What's the actual money flow from that, less, or more, than 1cent/reader? Does it actually worth it?
For deeper, general purpose pieces, I also just cross-post to Medium from my own blog as that seems to drive some incremental traffic.
But beyond that I don't think it's an unreasonable publishing medium. It's convenient for authors and scales to most platforms.
Part of the problem is that HTML and CSS alone are horribly outdated in terms of being able to provide a modern-looking UI outside the box.
Want a slider? Unfortunately the gods at W3C/Google/etc. don't believe in a <input type="slider"> tag. Want a toggle switch? No <input type="toggle">. Want a tabbed interface? No <tabs><tab></tab></tabs> infrastructure. Want a login button that doesn't look like it came out of an 80's discotheque? You're probably going to need Angular, Polymer, MDL or one of those frameworks, and then jQuery to deal with the framework itself. You're already looking at 70-80kb for most of this stuff alone.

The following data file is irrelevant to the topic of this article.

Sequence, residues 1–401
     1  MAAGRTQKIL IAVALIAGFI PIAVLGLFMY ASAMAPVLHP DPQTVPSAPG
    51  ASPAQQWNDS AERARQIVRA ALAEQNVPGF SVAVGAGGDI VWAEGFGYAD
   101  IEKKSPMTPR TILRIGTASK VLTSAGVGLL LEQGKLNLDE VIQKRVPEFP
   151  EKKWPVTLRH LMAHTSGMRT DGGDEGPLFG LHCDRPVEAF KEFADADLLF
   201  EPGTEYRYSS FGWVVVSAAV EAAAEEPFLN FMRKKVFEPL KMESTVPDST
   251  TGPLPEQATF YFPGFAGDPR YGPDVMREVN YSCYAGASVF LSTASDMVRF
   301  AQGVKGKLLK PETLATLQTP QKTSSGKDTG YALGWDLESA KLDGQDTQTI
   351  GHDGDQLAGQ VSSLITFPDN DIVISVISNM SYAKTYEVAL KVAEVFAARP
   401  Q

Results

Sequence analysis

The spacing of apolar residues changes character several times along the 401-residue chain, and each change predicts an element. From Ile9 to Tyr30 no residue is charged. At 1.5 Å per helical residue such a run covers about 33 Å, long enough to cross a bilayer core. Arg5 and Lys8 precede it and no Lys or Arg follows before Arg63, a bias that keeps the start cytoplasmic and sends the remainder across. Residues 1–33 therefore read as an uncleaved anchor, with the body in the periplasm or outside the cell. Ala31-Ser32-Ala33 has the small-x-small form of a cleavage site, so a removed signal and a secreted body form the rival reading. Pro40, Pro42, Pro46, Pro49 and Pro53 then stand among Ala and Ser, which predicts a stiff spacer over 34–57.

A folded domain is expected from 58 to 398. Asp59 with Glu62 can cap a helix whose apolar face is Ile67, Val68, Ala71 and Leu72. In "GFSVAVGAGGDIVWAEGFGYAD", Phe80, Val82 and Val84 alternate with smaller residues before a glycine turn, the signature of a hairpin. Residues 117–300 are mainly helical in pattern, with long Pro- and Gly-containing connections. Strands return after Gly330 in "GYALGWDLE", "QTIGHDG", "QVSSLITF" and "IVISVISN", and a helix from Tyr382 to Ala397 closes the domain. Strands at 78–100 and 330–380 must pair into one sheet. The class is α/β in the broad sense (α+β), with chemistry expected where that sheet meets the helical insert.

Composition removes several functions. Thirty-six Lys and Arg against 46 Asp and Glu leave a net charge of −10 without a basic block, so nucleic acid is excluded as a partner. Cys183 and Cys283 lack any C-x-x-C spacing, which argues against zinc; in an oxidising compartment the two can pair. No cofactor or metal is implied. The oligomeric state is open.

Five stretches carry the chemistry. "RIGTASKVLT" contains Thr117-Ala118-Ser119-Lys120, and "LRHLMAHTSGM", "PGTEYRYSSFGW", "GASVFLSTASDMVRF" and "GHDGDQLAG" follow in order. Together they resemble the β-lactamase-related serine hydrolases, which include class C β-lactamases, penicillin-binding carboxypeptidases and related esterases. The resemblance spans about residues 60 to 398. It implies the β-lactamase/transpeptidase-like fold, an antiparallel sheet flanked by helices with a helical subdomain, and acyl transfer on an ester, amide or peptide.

Want your website to be mobile-friendly? Swipe gestures? Pull to refresh? Add another 30-40kb.
Commenting with "reactive design" just to make your users feel like their comments went through before they actually went through? 50kb.
Want to gather basic statistics about your users? Add another 10kb of analytics code.
Why would a static content need pull-to-refresh? Or comments? Or a slider?
Mobile-friendly is perfectly fine with CSS resolution rules. Or with sticking to the basics and letting content flow within boundaries.
Basic analytics can be done on server side, or, by sending a single request with resolution, etc. as POST or GET params, or even by parsing web server logs. It won't give you that much, but it will give you basics for certain. (See awstats and webalizer from the old days.)